It is impossible for Piketty, Saez or anyone else to show that the decline in all seven countries resulted from higher taxes on the highest incomes and redistribution to the poor. The main reason is that the welfare state did not exist in several of the countries and was relatively small in the others. In the United States, federal government spending was rarely more than 3 or 4% of total spending in non-war years until after 1930. Old age pensions didn’t start until the late 1930s, and healthcare spending did not expand until the late 1960s.
The timing in other countries differed. Sweden undertook welfare state spending in the 1930s, but substantial growth waited for the end of World War II, after economic growth resumed and incomes rose. The same is true for most other countries. Higher tax rates and increased social spending rose long after the share of the top 1% had declined from the early peak to the trough in 1980. In 1980, the share of the 1% ranged from 5% in Sweden with its larger welfare state to 8% in the United States.
Three major forces explain most of the decline. At the start of the series, private capital receives a relative high return because it is relatively scarce. As investment and the capital stock rose during the 20th century, the share of total income going to capital declined. The total income from capital increased but more slowly than total income. Since the highest income earners receive a disproportionate share of their income as earning on capital, their share fell. This is contrary to the key assumption that Piketty makes.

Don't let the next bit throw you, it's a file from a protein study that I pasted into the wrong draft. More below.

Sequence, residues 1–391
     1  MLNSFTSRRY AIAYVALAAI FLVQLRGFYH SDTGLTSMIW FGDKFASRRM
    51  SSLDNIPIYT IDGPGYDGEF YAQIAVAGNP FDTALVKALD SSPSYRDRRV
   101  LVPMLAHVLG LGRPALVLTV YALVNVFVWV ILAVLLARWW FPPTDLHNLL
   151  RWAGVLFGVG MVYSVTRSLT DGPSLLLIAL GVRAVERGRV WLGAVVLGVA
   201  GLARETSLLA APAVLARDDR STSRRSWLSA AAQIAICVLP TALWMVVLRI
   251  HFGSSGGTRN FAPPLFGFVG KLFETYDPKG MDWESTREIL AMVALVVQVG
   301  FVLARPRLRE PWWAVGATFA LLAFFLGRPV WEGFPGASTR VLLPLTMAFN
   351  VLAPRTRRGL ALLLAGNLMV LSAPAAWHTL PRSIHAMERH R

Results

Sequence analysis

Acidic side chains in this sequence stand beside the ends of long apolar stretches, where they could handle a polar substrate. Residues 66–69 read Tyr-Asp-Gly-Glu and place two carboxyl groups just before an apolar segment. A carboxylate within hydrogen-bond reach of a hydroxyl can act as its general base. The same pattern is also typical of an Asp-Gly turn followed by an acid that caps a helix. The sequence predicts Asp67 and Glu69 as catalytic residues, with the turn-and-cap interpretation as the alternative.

That alone does not explain the steep decline in the share received by the top 1%. During the early 20th century, the United States absorbed millions of immigrants, many unskilled. Many began employment at low wage jobs. Minimum wage laws did not come until the 1930s long after income shares narrowed. By working, the immigrants learned new skills; their productivity increased and with it their wages. That narrowed the gap between the incomes of the top and the bottom earners. But many did something else. They sent their children to colleges and universities where the children learned professional skills that earned middle class incomes.
This process continued in recent decades for immigrants from Korea, China, Mexico and Latin America. That history sends an important message. The growth of the middle class and the narrowing of the income distribution was in large part a result of working to acquire new skills and higher productivity.